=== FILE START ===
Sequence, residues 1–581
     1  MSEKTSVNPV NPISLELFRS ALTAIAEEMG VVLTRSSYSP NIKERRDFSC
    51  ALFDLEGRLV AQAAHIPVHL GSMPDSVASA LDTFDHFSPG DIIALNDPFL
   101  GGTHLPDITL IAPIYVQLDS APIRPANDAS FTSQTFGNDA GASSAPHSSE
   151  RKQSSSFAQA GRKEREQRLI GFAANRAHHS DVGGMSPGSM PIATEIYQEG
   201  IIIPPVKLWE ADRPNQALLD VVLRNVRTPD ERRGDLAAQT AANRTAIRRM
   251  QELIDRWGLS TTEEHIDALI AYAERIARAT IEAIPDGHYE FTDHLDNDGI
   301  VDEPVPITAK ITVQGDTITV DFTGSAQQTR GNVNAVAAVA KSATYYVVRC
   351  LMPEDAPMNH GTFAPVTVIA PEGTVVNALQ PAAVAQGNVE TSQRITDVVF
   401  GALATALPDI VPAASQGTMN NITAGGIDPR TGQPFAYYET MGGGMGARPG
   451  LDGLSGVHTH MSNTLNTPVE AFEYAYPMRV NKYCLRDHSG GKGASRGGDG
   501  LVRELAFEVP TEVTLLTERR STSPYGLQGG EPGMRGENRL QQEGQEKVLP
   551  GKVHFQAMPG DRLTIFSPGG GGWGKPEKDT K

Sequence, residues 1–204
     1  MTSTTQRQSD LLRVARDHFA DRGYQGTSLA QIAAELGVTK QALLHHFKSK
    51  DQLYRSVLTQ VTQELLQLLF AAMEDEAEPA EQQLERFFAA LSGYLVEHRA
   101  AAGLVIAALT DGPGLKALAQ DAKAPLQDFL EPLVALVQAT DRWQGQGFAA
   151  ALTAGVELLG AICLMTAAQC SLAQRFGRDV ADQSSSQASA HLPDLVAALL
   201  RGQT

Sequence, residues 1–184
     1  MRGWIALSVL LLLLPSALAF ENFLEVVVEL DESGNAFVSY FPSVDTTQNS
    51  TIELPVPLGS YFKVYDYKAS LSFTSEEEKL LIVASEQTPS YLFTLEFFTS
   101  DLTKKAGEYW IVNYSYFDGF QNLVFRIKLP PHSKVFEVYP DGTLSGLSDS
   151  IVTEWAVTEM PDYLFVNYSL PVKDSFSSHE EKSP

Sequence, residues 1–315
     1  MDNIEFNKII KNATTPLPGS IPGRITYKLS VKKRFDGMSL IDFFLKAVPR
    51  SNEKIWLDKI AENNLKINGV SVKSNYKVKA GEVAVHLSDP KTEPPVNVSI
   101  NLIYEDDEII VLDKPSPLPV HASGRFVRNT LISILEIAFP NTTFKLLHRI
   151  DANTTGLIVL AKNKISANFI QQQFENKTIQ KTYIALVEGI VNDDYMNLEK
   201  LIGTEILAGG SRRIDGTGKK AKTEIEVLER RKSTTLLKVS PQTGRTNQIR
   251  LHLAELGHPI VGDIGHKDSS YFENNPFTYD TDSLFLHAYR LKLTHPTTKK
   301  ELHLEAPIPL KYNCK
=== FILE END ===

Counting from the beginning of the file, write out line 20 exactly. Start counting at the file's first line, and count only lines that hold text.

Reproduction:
Sequence, residues 1–184